How's this for an ad pitch? "Especially suitable" for wives to "drive the family provider to and from the station or the children to and from school."
That ad for a Chevy sedan ran in Collier's, Ladies Home Journal and The Saturday Evening Post and was quite progressive for 1922 -- and it was one of the first automaker attempts to attract women. As the role of women has evolved from breadmakers to breadwinners, Chevy's ads have changed along with them.
Dannielle Hudler -- formerly Colliver -- who became Chevy's first female director of car advertising in 1985, said the brand's marketing attempts from the early 1900s through World War II were to convince women that they could drive cars, which helped to sell more vehicles.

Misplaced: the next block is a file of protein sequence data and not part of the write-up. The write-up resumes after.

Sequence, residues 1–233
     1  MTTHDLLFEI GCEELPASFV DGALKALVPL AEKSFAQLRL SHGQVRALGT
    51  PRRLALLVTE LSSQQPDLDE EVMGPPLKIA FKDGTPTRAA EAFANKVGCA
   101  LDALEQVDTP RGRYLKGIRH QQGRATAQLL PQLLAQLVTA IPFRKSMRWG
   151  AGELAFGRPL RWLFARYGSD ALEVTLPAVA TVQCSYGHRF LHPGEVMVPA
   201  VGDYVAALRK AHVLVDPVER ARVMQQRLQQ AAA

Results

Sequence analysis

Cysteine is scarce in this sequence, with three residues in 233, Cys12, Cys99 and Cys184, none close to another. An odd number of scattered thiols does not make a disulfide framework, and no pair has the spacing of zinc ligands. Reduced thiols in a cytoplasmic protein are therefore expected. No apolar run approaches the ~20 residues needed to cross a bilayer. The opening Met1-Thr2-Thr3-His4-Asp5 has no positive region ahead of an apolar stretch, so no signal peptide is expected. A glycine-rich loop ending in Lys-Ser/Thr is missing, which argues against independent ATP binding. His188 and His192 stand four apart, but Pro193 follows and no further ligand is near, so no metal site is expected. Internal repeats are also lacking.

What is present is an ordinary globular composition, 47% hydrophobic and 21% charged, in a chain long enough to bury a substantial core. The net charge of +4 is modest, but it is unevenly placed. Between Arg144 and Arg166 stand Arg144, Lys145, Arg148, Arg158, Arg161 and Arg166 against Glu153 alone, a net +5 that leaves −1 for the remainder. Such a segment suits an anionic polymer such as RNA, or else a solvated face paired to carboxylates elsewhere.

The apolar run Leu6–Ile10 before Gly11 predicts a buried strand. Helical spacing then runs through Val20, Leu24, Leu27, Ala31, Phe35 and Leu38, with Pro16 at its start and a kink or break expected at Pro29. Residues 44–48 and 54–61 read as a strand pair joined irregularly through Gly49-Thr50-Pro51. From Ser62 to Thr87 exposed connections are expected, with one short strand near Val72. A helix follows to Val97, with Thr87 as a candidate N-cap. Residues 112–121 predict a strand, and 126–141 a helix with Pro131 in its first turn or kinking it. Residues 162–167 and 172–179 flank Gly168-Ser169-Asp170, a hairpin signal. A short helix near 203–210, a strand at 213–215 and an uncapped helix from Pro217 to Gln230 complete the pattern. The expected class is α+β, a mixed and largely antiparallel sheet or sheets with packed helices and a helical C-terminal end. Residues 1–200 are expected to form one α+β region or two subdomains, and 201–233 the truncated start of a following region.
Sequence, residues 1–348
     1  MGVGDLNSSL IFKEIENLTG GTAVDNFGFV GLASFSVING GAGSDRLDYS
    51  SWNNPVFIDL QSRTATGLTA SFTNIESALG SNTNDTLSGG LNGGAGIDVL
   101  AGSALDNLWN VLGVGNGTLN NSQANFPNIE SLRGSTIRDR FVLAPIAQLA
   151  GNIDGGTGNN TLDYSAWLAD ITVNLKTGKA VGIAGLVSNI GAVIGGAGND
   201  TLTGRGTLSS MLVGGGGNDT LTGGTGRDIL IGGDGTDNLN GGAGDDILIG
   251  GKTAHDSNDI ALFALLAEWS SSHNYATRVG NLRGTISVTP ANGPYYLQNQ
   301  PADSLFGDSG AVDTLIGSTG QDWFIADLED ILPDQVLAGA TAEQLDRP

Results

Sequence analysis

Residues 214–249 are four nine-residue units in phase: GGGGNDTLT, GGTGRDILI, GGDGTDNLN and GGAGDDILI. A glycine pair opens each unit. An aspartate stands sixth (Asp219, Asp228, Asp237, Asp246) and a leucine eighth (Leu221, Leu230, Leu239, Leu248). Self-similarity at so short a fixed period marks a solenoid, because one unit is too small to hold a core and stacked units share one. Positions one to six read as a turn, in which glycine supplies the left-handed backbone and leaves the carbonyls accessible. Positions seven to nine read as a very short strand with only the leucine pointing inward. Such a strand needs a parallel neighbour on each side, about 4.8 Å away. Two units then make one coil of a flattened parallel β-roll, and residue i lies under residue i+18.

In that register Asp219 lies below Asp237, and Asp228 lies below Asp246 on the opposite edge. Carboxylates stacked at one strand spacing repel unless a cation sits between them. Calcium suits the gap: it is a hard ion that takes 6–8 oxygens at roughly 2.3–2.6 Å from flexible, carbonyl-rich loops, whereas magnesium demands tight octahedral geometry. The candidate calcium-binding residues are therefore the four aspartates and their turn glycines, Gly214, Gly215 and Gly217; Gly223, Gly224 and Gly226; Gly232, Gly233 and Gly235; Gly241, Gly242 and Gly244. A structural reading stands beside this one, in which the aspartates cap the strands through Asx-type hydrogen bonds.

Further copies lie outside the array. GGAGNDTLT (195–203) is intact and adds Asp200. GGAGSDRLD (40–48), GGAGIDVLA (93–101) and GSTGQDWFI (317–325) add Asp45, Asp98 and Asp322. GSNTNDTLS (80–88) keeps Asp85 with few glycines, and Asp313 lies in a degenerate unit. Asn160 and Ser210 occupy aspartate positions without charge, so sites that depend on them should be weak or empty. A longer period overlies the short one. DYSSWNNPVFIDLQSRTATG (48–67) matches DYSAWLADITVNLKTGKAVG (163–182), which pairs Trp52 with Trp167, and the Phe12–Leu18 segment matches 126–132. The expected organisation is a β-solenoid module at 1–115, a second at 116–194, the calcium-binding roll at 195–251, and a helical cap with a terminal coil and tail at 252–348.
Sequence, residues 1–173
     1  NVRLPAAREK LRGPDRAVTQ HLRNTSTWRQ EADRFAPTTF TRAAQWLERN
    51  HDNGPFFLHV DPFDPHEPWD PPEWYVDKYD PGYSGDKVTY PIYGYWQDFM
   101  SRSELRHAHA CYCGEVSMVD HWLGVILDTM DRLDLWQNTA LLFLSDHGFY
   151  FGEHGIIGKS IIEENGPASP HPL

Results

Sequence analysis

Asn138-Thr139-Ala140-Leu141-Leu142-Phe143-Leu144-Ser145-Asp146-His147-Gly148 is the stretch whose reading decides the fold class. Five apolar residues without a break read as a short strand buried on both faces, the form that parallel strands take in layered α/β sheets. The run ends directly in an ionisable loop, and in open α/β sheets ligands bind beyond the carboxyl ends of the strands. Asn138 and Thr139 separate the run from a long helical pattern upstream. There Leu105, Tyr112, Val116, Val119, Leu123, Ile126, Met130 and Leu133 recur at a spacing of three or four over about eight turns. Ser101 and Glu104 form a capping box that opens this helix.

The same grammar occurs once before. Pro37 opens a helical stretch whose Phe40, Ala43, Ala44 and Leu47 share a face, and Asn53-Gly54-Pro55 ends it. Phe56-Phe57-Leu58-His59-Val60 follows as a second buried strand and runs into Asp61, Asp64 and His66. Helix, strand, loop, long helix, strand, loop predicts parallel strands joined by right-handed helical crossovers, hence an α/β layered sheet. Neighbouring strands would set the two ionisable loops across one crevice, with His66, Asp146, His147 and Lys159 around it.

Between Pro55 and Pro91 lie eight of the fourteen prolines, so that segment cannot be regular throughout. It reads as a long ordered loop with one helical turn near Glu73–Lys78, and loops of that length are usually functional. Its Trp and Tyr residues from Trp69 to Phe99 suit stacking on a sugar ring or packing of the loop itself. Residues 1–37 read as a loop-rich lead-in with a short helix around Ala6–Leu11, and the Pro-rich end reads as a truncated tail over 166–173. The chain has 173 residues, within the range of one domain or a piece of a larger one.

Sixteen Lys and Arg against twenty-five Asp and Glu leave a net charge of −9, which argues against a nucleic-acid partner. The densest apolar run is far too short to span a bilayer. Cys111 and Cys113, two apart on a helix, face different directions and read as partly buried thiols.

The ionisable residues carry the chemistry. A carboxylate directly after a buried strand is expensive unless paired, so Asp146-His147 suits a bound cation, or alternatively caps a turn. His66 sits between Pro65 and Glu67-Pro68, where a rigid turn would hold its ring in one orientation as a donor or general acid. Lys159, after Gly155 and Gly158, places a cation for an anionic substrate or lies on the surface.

During the 1950s, ads portrayed a woman as a "good wife," smiling and dressed for church in the passenger seat with three or four children in the back seat. By the 1960s, Hudler said, women dressed in evening gowns surrounded the cars; by the early 1970s, women in bikinis were draped provocatively over the hood. It wasn't until the 1980s, when women headed to the workplace in large numbers, that marketing and advertising to women began in earnest, Hudler said. "Women finally became the customers instead of accessories," she said.
Tony Hopp, former CEO of Campbell-Ewald, said marketing vehicles to female buyers has "been part of Chevy's marketing arsenal" during his 40-plus years at the agency. He recalls a program for the introduction of the S-10 Blazer in 1983, one of the first attempts to market trucks to women. The ads showed the vehicle's versatility, with a woman loading a flat of flowers, for example. And it played on the word "blazer" to indicate that it was a fashion statement. The S-10 ad "was a breakthrough" in capturing the women's market, Hopp said.